The well-streams (or well fluids) produced from well platforms may consist of crude oil, gas, condensates, water and various contaminants. The purpose of the separator is to split the flow into desirable fractions. An oil/gas separator is a pressure vessel that is installed either in an onshore processing station or on an offshore platform. Based on the vessel configurations, the oil/gas separators can be divided into horizontal, vertical, or spherical separators. In teams of fluids to be separated, the oil/gas separators can be grouped into gas/liquid two-phase separator or oil/gas/water three-phase separator. In this paper, the three phase separator is used as the basis for the discussion and presentation of the Piping and Instrumentation Diagram (P&ID) of an oil and gas separation process.

The figure above shows a simplified flow diagram of the oil and gas 1st stage separation process.

Figure 1: Oil and Gas 1st Stage Separation Process flow Diagram (Simplified)

Inlet temperature is often in the range of 100-150 degrees C. On the example platform, the well stream is colder due to Subsea wells and risers.

The pressure is often reduced in several stages but commonly, three stages are used, and these allow controlled separation of volatile components. The purpose is to achieve maximum liquid recovery and stabilized oil and gas, and separate water. A large pressure reduction in a single separator will cause flash vaporization leading to instabilities and safety hazards.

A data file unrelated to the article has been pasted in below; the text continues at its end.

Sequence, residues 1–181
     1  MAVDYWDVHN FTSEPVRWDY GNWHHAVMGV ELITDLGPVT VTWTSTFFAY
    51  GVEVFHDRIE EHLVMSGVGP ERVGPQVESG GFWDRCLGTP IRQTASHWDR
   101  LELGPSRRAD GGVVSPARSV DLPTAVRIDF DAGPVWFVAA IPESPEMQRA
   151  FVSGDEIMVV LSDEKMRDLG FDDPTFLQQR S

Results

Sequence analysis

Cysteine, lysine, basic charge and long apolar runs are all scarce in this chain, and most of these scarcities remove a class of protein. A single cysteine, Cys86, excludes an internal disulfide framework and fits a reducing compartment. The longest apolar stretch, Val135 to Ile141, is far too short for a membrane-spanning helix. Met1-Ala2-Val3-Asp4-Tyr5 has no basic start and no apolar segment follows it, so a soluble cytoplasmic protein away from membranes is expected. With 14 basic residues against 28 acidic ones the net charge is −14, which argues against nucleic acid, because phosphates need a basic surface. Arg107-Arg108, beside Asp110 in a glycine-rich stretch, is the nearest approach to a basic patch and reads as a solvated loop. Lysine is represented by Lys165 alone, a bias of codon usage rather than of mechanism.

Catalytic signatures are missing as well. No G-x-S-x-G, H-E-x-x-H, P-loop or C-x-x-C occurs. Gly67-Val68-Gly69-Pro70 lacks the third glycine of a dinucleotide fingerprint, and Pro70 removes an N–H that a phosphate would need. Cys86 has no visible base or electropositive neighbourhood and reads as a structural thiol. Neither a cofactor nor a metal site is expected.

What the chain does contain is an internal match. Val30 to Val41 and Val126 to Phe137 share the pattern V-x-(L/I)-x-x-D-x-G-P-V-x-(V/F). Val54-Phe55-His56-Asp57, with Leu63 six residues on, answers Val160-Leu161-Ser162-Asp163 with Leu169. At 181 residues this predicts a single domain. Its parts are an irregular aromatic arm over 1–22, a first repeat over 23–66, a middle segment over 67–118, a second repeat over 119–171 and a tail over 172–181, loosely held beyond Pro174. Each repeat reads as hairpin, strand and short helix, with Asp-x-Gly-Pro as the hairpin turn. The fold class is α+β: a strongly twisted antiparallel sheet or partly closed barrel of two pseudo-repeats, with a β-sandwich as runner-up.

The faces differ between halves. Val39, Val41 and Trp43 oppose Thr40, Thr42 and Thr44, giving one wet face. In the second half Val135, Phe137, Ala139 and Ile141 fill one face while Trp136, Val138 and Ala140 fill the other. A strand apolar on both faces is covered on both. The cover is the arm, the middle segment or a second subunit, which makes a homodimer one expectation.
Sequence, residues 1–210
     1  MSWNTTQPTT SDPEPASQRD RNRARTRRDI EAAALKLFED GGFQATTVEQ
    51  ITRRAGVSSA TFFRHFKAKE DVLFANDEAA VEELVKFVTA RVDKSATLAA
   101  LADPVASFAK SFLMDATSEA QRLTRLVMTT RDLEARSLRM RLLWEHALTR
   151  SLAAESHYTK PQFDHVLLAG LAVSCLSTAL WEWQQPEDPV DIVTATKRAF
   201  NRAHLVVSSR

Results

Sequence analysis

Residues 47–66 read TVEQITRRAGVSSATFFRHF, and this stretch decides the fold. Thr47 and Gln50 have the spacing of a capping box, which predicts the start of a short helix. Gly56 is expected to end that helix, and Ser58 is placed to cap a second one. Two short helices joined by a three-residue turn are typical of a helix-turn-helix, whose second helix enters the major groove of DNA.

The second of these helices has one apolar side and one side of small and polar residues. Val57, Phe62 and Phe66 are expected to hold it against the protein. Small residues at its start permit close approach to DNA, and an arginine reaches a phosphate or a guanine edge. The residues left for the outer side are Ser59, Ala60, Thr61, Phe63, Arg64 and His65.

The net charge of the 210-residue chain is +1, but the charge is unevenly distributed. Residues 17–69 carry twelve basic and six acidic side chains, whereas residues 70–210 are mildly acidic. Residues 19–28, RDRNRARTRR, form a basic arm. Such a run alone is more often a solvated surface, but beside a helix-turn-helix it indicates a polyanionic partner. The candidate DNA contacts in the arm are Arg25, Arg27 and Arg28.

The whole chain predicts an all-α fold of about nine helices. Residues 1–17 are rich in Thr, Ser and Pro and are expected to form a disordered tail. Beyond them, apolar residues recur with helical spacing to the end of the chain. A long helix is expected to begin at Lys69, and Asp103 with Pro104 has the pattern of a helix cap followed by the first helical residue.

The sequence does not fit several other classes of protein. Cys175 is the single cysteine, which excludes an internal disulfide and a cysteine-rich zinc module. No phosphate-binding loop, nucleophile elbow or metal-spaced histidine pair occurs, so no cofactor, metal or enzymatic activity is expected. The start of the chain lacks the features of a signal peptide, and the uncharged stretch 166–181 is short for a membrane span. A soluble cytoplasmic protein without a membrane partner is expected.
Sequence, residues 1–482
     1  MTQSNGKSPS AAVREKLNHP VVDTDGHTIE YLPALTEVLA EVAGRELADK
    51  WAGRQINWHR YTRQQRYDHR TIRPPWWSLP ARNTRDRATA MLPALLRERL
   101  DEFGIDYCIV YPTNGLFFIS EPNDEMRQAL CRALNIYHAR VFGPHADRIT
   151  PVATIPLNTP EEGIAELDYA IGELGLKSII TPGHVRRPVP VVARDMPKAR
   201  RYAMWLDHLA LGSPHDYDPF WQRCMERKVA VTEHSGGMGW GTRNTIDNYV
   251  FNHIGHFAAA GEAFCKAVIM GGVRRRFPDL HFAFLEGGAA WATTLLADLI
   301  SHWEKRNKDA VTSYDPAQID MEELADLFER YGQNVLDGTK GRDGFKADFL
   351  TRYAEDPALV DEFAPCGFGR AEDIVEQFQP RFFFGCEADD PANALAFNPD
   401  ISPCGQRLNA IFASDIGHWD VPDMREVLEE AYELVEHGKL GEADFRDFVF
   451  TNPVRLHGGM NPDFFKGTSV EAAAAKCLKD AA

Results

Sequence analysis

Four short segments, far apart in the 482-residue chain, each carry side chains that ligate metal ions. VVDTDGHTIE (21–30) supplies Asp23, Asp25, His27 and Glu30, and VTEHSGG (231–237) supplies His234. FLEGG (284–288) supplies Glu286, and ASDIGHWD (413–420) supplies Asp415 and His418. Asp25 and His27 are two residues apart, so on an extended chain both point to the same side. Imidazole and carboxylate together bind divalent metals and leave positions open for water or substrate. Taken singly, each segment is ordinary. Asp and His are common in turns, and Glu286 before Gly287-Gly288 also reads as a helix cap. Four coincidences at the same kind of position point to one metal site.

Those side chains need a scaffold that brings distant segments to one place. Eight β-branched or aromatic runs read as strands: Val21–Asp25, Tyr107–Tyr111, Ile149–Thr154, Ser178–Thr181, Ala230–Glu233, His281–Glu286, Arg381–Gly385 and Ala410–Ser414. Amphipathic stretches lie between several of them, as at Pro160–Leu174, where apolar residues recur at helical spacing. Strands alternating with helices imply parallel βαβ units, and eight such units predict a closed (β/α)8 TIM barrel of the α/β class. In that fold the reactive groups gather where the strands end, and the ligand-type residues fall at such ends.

The retention period is typically 5 minutes, allowing the gas to bubble out, water to settle at the bottom and oil to be taken out in the middle. In the first stage separator, the water content is typically reduced to less than 5%.

Figure 2 show the Piping and Instrumentation Diagram (P&ID) of the 1st stage (3-Phase) separator.

Figure 2: P&ID of an Oil and Gas 1st Stage (3-Phase) Separator


Piping is a system of pipes used to convey fluids (liquids and gases) from one location to another. The engineering discipline of piping design studies the efficient transport of fluid.

  1. Inlet Pipe for the Well Fluids

Figure 3: Inlet Pipe Diagram of an Oil and Gas Separation Process

From oil or gas well, well fluids will enter the 1st stage separator vessel where its constituent components—oil, gas, and water will be separated. A gate valve is situated along the pipeline at the vessel’s entrance in order to allow or stop the flow of fluid. Figure 3 shows illustrates the diagram of this pipe flow.

  1. Flare System (Gas Section)

When the set pressure inside the separator vessel exceeded, the relief valve becomes the “path of least resistance” as the valve is forced open and a portion of the fluid (gas or liquid-gas mixture) is diverted through the auxiliary route. The diverted fluid cis usually routed through a piping system known as a flare header or relief header to a central, elevated gas flare where it is usually burned and the resulting combustion gases are released to the atmosphere. Figure at the left shows the diagram for this system

Figure 4: Flare System Diagram in an Oil and Gas Separation Process

  1. Outlet Pipe for the Separated Gas (Vapor)

Figure 5: Gas Outlet Pipe System in Separation Process